Nikon D70 Software (Windows)

The D70 is supplied with Nikon's new PictureProject software which is designed to make managing images easier, simplifying workflow and providing rudimentary RAW conversion. Alternatively you can also use the 'last' version of Nikon View (6.2.1, a free download) and optionally purchase Nikon Capture 4.1 for more advanced RAW conversion. A full review of Nikon View (6.1) and Nikon Capture (4.0) are available in our Nikon D2H review, nothing has changed in these minor upgrades other than the addition of D70 support.

Nikon PictureProject 1.0

PictureProject is clearly aimed at the first time digital camera user, it installs tray applications which monitor for connection of digital cameras via USB or cards inserted into card readers and then provides automatic transfer of images to the hard disk, cataloging them as it does so. You can also have the application catalog images already on your hard disk. It provides basic image editing including Brightness, Color, Sharpness and Photo Effects (B&W/Sepia).

In use I found PictureProject to feel a little awkward and incomplete, for example you double-click on an RAW to go into Edit mode where you can apply adjustments such as brightness (although not specifically digital exposure compensation) you then have to save the NEF go back to Organize mode select the image then do File -> Export as JPEG to convert the RAW file to JPEG. It doesn't support output to TIFF and doesn't provide adjustment of white balance or digital exposure compensation. PictureProject simply felt like a half finished solution and several steps back from Nikon View.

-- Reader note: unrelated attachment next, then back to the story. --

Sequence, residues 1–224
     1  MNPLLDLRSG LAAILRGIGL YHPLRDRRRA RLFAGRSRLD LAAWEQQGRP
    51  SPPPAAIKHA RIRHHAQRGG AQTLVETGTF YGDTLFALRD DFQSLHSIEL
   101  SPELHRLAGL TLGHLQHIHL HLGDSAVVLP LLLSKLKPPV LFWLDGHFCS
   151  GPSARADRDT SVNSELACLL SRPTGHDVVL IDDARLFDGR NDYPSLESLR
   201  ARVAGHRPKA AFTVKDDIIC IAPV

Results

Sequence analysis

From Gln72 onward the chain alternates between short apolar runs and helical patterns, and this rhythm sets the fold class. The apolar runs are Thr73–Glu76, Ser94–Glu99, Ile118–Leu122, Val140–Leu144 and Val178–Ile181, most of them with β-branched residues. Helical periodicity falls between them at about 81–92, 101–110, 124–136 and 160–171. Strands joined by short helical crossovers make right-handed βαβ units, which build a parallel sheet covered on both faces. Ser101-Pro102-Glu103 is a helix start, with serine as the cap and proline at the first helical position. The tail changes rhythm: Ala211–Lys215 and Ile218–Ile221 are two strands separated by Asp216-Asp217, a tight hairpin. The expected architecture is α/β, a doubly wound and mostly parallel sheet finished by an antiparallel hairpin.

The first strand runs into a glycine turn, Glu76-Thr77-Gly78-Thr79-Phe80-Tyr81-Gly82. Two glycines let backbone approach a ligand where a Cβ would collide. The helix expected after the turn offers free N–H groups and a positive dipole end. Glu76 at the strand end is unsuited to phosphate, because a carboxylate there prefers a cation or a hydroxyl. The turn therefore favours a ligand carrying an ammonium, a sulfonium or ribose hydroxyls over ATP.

PictureProject in Organize mode (film strip view)
PictureProject in Edit mode, Brightness and Sharpening adjusted
File menu in Organize mode File menu in Edit mode (what no Export?)

PictureProject Transfer
More Information page
Print feature has a good range of options
Export RAW as JPEG, but only from Organize mode

While the interface looks nicer* than Nikon View it certainly offers nothing over that application for the anyone above complete novice level and I am personally very surprised to see such an incomplete application bundled with a digital SLR like the D70. One step forward, three back. (The 'film strip' thumbnails across the top of the frame, image at the bottom looks very familiar).

* Although I'm not sure about the mixed grey / Windows default color backgrounds.